According to the Office for National Statistics (ONS), the most popular baby names in England and Wales last year — for the fifth year in a row — were Olivia and Oliver.
Here are the top 10 girl names and top 10 boy names of 2020:
Olivia, 3,640 baby girls
Oliver, 4,225 baby boys
In the girls’ top 10, Ivy and Rosie replaced Grace and Freya.
In the boys’ top 10, Archie replaced Charlie. (No doubt Prince Harry and Meghan Markle’s decision to name their first child Archie in 2019 gave the name a boost, but Archie was on the rise in England and Wales long before it became a royal baby name.)
The fastest-rising names within the top 100 were…
Arabella, Mabel, Lyra, and Maeve (for girls)
Roman, Milo, Otis, and Myles (for boys)
(The popular British TV series Sex Education features main characters named Otis and Maeve.)
Here are the top 10 lists for England and Wales separately:
Liliwen comes from lili wen, one of the Welsh words for snowdrop (a small, white flower that blooms during the winter). The hyphenated variant Lili-wen was also given to three baby girls last year, bringing the grand total to six.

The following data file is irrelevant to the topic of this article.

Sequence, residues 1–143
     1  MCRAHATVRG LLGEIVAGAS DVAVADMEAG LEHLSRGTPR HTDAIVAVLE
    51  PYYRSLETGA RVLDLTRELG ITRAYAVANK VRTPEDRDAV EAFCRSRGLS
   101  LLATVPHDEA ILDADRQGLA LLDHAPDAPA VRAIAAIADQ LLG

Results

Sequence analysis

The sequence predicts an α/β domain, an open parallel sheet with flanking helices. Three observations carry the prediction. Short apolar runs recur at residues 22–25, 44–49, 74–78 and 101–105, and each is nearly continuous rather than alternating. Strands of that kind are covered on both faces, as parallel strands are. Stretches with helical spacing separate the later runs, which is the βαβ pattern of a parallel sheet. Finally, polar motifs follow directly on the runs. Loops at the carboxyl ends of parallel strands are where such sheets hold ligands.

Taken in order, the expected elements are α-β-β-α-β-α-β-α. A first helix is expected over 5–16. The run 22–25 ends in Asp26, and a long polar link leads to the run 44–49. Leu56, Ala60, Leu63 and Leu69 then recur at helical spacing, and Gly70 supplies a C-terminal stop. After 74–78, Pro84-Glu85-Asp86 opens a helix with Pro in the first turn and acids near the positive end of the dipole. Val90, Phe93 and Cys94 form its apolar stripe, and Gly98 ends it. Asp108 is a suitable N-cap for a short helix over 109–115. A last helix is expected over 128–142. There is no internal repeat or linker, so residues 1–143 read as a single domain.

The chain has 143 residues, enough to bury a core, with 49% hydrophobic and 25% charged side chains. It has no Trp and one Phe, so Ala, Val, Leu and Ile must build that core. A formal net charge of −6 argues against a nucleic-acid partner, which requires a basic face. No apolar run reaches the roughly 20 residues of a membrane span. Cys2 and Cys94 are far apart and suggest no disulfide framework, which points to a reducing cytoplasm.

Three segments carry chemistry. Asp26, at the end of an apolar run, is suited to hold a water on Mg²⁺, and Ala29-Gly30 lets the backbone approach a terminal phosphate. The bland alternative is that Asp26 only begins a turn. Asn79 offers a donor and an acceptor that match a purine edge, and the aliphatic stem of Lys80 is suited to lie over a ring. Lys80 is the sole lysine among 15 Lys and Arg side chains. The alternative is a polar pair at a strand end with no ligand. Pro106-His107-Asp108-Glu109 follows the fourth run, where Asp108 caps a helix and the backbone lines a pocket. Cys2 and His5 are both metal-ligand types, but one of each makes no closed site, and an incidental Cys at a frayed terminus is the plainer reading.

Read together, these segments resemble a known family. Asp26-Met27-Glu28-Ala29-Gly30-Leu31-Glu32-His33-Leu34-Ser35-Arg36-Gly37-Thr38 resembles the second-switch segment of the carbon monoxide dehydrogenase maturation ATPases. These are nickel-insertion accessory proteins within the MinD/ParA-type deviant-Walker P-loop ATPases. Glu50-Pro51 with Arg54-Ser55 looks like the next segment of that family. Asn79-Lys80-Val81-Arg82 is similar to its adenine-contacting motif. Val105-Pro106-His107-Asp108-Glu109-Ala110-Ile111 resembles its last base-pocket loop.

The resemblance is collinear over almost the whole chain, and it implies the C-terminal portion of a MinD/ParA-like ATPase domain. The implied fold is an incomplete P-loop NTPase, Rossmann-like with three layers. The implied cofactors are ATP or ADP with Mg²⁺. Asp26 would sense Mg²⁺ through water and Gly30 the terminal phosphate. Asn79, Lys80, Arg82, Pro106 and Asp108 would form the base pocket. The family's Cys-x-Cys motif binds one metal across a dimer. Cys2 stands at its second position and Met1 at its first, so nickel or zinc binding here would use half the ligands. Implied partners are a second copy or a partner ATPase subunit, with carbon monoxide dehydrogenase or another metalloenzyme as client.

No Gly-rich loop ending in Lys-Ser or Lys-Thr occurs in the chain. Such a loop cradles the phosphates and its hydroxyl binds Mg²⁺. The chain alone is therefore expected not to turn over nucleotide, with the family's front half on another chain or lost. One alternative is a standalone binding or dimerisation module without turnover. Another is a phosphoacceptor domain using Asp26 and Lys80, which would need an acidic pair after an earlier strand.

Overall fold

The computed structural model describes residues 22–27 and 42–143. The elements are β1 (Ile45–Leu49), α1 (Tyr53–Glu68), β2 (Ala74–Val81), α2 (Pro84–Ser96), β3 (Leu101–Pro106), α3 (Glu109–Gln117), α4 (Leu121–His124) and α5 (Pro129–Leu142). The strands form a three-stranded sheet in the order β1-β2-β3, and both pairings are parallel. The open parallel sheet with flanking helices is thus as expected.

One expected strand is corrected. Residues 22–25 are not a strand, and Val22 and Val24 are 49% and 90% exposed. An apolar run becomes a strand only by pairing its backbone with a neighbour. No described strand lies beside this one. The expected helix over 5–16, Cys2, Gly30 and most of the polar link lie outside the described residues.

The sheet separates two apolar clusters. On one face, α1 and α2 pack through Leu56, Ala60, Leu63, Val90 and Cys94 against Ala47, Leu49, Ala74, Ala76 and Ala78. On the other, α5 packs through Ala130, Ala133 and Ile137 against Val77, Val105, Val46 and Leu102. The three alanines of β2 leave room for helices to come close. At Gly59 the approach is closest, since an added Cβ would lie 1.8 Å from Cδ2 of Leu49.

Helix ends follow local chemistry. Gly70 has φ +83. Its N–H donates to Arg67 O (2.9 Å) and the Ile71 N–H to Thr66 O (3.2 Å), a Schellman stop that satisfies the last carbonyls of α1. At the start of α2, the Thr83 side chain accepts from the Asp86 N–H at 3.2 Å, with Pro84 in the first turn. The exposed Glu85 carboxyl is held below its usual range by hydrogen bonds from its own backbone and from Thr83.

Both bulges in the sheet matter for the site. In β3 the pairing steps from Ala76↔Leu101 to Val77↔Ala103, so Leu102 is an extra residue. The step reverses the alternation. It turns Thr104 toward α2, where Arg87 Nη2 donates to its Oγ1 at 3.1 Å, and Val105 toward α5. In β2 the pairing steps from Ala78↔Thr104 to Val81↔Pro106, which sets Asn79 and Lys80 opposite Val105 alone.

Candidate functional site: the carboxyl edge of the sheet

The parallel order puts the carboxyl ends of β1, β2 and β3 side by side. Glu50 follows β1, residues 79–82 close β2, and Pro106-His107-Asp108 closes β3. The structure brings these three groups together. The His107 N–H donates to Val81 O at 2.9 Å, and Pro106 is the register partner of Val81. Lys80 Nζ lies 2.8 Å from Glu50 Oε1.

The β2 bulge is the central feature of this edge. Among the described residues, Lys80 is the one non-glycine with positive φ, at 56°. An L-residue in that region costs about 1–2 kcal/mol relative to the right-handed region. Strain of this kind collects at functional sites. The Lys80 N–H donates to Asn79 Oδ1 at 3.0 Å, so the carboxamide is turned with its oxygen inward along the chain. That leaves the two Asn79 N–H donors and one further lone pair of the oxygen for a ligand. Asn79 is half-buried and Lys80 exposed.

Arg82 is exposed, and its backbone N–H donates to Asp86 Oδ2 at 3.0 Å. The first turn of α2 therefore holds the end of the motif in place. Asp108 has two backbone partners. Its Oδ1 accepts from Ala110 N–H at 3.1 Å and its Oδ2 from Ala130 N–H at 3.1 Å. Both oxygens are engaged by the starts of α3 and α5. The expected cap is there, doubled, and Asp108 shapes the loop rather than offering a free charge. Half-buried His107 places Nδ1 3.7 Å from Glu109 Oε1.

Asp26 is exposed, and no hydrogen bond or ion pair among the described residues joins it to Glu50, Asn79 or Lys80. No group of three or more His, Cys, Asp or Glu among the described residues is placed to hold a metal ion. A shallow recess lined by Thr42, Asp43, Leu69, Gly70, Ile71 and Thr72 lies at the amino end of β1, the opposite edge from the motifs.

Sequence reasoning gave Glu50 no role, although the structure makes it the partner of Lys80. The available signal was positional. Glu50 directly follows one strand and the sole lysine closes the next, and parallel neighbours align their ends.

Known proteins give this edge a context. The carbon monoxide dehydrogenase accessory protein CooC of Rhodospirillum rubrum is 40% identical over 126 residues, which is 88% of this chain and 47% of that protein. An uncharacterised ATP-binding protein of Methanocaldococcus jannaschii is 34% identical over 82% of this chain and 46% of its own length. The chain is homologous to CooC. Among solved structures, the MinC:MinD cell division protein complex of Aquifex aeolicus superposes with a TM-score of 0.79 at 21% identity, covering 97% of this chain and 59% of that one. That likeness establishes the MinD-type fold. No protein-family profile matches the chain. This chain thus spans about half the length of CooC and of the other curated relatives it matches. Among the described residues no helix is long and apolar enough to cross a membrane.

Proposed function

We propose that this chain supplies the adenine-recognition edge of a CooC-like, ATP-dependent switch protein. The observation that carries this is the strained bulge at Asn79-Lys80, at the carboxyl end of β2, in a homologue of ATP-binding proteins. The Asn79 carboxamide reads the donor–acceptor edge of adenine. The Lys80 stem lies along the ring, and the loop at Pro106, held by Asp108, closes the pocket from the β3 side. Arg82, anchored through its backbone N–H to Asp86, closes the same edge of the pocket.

Also given to six baby girls last year? The name Eirlys, from eirlys, another Welsh word for snowdrop. :)
[More rare names from this dataset can be found on Patreon.]
Mary Antietam McCulloch, b. Sept. 22, 1862, in Massachusetts.
Antietam Burnside Mann, b. Jan. 31, 1863, in Connecticut. (Her father died in the battle. The middle name “Burnside” refers to Gen. Ambrose Burnside.)
While the Battle of Antietam was a tactical draw, it was still a strategic victory for the Union, and this “gave [President] Lincoln what he needed to issue the Emancipation Proclamation that would free the slaves in the Confederate states the following January.”
The place-name Antietam was derived from an Algonquian word that may mean “swift water.”
P.S. Did you know that Antietam was the first American battlefield to be “photographed before the dead had been buried”? Here are some Antietam battlefield photographs (via the U.S. National Park Service).